French manufacturer Astus is making some waves this week with the introduction of their latest model – the Astus 16.5 at the Dusseldorf Boat Show. Designed by the trimaran gurus at VPLP, the 16.5 promises sprightly performance at a reasonable cost – approximately $16000 USD for a sailaway package.
Astus has had some success with their 24 foot model, and now have the muscle to contract VPLP for the 16.5 design. Like all Astus boats, she incorporates robust telescoping floats for portability.
Four boats in this niche – The Astus 16.5, Weta, Corsair Pulse 600 and the Sea Rail 19 – have our attention. How to decide?
Numbers in the chart below are approximate, were not taken from an actual boat and are derived from manufacturers websites. In addition, the price for a Corsair Pulse 600 is estimated from discussions we’ve had with dealers – no published price was available. Also, we could have included the Astus 18.2, but we didnt feel the design of that boat is to the standard of VPLP and the other boats in our selection.
|Astus 16.5||Weta||Pulse||Sea Rail|
|SA (sq ft, main and jib||182||123||281||259|
The Weta is the obvious choice for most smiles per dollar. With over 1000 boats sold, you can’t argue with Weta’s success. But while promising huge grins all around, she probably won’t take you raiding out to the islands. She hasnt much payload and not even the rudimentary cuddy of the other models. Still she is fun, smoking fast and has the best price of the group.
The Astus 16.5 comes a close second to the Weta in fun/dollar spent – not surprising considering her VPLP pedigree. In fact of the four boats the 16.5 is probably the logical choice for a small pocket cruiser. Lighter and a bit shorter than the Pulse or SeaRail she promises quick performance and easy set up while maintaining some payload capacity and a small cuddy to stow your gear. And you cant beat the price!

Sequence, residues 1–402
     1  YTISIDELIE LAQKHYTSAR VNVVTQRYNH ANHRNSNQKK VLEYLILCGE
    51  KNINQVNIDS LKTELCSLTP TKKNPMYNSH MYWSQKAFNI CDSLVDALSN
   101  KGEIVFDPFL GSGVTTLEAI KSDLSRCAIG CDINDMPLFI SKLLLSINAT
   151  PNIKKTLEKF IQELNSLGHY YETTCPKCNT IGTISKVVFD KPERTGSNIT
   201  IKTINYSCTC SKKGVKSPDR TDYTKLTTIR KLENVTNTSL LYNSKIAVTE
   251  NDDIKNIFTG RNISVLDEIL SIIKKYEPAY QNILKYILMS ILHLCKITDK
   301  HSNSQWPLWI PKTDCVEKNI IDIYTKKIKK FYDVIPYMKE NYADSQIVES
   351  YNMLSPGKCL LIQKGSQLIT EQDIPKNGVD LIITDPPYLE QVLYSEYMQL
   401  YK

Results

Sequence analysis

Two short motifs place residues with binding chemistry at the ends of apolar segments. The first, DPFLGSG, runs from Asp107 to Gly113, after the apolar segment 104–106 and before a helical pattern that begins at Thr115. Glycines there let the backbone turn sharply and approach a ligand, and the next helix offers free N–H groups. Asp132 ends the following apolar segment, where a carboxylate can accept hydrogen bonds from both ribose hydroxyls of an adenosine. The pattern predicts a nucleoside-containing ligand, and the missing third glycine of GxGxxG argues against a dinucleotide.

The SeaRail has a simple and innovative socket-style arm and folding mechanism and was designed by none other than Nigel Irens – fair enough. She is a sporty design, a bit better than the Astus, and easily as the Pulse. She also has room for payload and a small cuddy for gear. I really like the SeaRail, she’s a pretty little thing, moves well thru the water and is capable of taking you out to that island. But her 28K price tag is bit steep for what you get.
The Pulse 600 is a fast, spirited boat by all accounts. She is the biggest of the four, yet remains easy to set up and sail away. Some good work has been done by Corsair to maintain her foldability and ease of set up. She can carry the most payload, has the largest sail area and will be the most comfortable of the group. Her latching cowl cuddy is a pretty cool design feature. Her folding mechanism is based on other Corsairs, but is sized much, much smaller. The other three models chose a telescoping or socket style beam attachment while the Pulse kept a folding mechanism. It remains to be seen if this light weight version of the ubiquitous folding device will be robust enough. This, plus her price (almost 4x a Weta) puts her at the bottom of the list.
So, there you have it. Four small trailerable trimarans – two are brand new designs (Pulse and Astus) while the SeaRail and Weta have been around for a couple of years. Each boat is easy to trailer and set up – assembling a Weta will take you a bit longer than unfolding the other three. But, if you are after flat out dinghy style fun the little Weta is mighty hard to beat. If you are looking for a budget pocket cruiser with good performance and easy set up – the Astus 16.5 certainly deserves your attention. The SeaRail and Pulse are excellent performers, from innovative and talented firms, handicapped by price.
None of these boats will knock the Weta off the beach trimaran podium. Still, Astus forecasts sails of 50 boats per year for the 16.5. Will that impact SeaRail and Corsair sales? Is there market enough for all four of these boats?
Video presentations of each of the four are below. Happy hunting!